Within the class Araneae which is almost exclusively solitary, some spiders have evolved to become social.
Despite it’s rarity, social spiders appear to have evolved many times.
Out of the 39,000 known species of spider, only 23 appear social or quasi-social, and these spiders span 8 families and 11 genera, and scientists think that social species have evolved 18 or 19 times.
More work has been done on the ecological factors that make social spiders advantageous. Most social spiders live in lower-elevation tropical regions with many insects and large insects, and towards the centers of forests where large webs can be supported.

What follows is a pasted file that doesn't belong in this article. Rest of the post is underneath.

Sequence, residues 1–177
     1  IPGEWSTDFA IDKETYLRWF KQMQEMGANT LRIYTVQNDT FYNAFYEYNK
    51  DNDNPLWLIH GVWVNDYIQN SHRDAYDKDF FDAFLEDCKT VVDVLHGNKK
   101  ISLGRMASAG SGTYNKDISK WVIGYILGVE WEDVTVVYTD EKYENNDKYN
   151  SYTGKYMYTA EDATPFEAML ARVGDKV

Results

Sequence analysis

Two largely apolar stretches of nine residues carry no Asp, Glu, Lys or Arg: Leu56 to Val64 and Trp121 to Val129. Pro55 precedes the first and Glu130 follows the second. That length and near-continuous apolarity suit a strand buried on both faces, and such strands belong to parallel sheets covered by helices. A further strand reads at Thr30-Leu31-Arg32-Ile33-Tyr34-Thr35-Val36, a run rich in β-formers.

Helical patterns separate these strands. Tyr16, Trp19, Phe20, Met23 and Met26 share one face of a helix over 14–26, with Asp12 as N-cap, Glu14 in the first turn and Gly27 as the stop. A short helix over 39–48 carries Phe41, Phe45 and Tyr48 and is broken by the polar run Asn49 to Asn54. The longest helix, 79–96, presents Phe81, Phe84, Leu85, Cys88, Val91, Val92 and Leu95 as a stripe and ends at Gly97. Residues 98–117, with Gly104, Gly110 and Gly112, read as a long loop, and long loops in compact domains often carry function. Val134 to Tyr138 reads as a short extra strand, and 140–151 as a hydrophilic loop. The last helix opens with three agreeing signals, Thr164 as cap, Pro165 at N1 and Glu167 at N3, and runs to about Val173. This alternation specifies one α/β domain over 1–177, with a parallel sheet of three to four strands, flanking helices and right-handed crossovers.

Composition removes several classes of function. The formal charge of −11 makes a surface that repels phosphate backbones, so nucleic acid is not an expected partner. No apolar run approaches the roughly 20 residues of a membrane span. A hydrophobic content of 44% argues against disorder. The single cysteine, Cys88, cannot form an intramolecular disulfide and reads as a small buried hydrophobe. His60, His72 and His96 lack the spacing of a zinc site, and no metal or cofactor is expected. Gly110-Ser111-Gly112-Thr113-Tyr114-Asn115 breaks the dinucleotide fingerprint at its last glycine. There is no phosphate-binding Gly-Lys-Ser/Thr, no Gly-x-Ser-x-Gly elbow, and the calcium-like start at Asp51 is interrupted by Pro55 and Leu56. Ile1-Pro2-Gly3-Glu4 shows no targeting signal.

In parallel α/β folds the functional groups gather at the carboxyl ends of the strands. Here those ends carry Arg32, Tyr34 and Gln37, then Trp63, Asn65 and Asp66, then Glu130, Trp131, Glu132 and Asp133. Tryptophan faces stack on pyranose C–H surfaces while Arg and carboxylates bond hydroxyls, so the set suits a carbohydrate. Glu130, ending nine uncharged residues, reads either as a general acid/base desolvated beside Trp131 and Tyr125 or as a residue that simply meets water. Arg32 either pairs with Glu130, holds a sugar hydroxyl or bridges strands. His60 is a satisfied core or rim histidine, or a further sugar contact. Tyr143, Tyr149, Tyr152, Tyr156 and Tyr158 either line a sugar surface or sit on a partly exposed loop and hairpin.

Perhaps the ability to live socially (e.g. combine webs and not kill one-another) lies dormant in many species. One of the most dramatic examples is in a giant communal web discovered in Lake Tawakoni State Park in 2007.
Texas A&M entomologist Allen Dean found most of the spiders were in the Tetragnathidae family, but also found species from 11 other families in the web including: funnel web weavers, sac spiders, orb weavers, mesh web weavers, wolf spiders, pirate spiders, jumping spiders, and long-jawed orb weavers.
Three such webs were built in the park that season, and Dean speculate that they emerged from the right conditions of plentiful rains and over-abundant food supplies (4). A report of the incident was written up in the journal Southwestern Entomologist.